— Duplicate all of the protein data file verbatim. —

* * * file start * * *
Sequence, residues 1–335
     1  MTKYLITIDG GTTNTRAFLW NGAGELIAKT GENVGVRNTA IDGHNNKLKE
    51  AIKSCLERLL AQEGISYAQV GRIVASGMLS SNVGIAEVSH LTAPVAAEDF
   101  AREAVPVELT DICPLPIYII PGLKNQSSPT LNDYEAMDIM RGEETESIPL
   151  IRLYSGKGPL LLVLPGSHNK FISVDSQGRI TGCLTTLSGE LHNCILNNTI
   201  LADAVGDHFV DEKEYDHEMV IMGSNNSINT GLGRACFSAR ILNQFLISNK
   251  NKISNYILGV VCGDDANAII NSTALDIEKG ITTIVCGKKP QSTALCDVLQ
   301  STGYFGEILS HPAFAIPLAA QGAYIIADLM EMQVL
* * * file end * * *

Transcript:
Sequence, residues 1–335
     1  MTKYLITIDG GTTNTRAFLW NGAGELIAKT GENVGVRNTA IDGHNNKLKE
    51  AIKSCLERLL AQEGISYAQV GRIVASGMLS SNVGIAEVSH LTAPVAAEDF
   101  AREAVPVELT DICPLPIYII PGLKNQSSPT LNDYEAMDIM RGEETESIPL
   151  IRLYSGKGPL LLVLPGSHNK FISVDSQGRI TGCLTTLSGE LHNCILNNTI
   201  LADAVGDHFV DEKEYDHEMV IMGSNNSINT GLGRACFSAR ILNQFLISNK
   251  NKISNYILGV VCGDDANAII NSTALDIEKG ITTIVCGKKP QSTALCDVLQ
   301  STGYFGEILS HPAFAIPLAA QGAYIIADLM EMQVL